Guerlain Rose Barbare
I should not read reviews of perfume before I've made my own mind up ... and yet. I do.
This morning, in the middle of plumbing problems that will involve snakes and seals and tree roots, I needed something to cheer me up. But not too cheery ... it's a typically rainy early spring day and I didn't want to jar my system. Any more than the plumbing had.
So I dig in my sample pile and pull out one of the recent Guerlains, Rose Barbare.
I love rose in all its manifestations. It is the only fragrance in which I can tolerate fruitiness ... because I know it doesn't really mean it. If it is fruity now, it is only a metaphor for greater things later, and I can be assured no syrup is intended.
Rose Barbare, whose name had prepared me for something a bit more ghengis-khanish, is sweet and fruity. And I don't care. Ordinarily a fragrance like this would have been kicked out of bed forthwith, but this is rose. And I have to give it a chance to reveal its true nature.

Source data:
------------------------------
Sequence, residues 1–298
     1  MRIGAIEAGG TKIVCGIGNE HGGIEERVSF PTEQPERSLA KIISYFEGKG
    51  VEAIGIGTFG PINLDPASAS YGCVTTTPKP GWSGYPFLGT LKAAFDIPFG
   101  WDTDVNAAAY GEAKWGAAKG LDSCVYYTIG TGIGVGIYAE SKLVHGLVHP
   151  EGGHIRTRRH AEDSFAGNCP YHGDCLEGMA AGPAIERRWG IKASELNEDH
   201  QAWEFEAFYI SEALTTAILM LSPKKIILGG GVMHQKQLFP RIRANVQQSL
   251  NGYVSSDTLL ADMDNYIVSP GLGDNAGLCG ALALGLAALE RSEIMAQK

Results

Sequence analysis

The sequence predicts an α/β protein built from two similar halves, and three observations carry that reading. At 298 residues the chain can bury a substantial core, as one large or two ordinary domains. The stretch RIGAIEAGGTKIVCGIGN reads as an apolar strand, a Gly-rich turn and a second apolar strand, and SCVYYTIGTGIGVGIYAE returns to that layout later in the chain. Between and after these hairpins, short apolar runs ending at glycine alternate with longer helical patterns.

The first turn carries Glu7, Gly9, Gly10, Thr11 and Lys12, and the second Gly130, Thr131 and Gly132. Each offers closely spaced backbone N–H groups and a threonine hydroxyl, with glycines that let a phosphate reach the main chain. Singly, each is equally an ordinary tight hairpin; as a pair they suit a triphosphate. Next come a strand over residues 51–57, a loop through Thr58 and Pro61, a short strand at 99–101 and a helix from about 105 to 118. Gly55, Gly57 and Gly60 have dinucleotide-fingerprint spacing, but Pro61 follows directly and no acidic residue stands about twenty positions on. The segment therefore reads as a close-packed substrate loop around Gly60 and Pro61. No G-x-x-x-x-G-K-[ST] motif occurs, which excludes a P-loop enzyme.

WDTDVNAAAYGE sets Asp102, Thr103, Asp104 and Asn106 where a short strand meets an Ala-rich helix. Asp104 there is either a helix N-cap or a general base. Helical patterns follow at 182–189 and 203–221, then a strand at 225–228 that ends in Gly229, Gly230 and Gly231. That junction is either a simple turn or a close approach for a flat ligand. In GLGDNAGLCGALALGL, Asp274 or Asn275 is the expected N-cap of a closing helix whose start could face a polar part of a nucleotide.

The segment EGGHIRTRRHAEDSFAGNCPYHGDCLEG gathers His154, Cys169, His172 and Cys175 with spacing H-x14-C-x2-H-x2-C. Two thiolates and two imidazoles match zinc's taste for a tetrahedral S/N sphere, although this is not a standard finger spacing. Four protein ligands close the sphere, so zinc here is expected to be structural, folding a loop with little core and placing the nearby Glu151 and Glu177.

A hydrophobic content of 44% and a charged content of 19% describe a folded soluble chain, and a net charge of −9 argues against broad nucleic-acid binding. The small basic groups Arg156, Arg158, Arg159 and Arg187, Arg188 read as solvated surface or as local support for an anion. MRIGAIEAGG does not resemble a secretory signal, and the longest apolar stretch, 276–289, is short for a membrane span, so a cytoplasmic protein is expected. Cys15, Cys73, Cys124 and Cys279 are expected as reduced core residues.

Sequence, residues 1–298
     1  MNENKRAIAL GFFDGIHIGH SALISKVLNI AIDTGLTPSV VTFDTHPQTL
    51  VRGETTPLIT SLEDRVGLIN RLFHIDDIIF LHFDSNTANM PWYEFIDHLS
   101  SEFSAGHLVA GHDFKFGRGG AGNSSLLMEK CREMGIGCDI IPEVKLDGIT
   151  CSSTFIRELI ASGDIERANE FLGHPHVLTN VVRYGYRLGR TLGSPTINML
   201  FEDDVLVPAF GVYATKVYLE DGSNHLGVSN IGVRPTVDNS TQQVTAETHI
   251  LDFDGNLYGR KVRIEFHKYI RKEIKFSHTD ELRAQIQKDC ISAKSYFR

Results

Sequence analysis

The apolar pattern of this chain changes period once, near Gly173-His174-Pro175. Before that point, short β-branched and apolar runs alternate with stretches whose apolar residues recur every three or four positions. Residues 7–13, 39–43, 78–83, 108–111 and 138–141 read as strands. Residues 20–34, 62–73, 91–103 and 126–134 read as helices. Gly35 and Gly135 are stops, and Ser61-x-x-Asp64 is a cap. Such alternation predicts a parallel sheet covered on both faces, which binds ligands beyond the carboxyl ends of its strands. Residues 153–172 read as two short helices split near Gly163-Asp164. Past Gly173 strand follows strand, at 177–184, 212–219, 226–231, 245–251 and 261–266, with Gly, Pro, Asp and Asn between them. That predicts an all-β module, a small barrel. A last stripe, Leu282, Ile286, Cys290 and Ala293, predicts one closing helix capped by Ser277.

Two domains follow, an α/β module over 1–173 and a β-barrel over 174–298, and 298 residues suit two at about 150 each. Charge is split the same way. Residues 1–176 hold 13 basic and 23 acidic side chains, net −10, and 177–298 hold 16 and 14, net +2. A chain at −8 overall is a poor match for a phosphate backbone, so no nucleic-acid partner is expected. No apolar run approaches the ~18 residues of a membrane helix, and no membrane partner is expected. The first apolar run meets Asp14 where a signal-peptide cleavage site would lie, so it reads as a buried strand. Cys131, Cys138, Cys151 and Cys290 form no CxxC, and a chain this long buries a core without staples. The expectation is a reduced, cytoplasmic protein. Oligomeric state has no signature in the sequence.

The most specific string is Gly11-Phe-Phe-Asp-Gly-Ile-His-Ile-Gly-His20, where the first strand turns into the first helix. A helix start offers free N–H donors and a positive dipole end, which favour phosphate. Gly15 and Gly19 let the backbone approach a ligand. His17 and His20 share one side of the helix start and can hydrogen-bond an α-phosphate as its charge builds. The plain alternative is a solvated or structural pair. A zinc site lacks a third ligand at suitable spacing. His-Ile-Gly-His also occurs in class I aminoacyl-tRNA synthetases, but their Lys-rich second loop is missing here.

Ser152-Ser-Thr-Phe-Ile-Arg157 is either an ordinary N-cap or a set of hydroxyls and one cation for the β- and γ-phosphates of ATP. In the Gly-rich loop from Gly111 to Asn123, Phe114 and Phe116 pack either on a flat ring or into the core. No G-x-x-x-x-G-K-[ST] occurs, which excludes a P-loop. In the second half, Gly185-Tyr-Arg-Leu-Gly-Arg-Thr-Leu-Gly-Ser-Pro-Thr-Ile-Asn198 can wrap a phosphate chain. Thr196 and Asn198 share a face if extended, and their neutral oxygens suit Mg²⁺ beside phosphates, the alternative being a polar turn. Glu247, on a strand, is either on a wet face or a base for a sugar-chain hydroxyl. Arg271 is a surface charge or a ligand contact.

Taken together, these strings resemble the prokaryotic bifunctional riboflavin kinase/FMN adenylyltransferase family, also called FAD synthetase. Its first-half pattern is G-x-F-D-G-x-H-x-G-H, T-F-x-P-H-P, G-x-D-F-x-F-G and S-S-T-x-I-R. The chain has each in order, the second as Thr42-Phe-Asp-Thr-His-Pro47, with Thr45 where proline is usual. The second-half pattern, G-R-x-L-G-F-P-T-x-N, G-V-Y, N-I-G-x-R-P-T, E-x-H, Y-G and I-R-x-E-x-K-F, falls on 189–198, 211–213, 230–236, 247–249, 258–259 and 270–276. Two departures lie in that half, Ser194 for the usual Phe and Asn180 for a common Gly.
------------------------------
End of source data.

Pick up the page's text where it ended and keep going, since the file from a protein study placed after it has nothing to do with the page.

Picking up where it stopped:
While I'm waiting for the revelation, I google the scent and find that Chandler Burr, of Emperor of Scent authorship, has opined.
His elaborately researched and documented thought: Rose Barbare, created in three weeks by the briefless (Oh. That's not right. Briefless means he was given very little direction on what the scent should become. Not that he's missing his boxers. Although I don't know the man and am unaware of his underwear proclivities.) Francis Kurkdjian is a reconceptualization of the vaunted Guerlain, Mitsouko.
That's right. Plug in rose for the jasmine, toss in some C-14 for the peach, add the aldehyde C-11, some Hedione and musks ... voila.
This does not move me. Vast expanses of who knows what teratogenic chemicals in my fragrance do not move me. Do you understand now why I should not have read the review?
But I did. And I'm still enjoying Rose Barbare. That is the wonder of fragrance, its ability to overcome intellect and grab your heart.
Behold, the revelation is at hand ... I can feel the chypre quality moving slowly toward me and the sweet rosiness.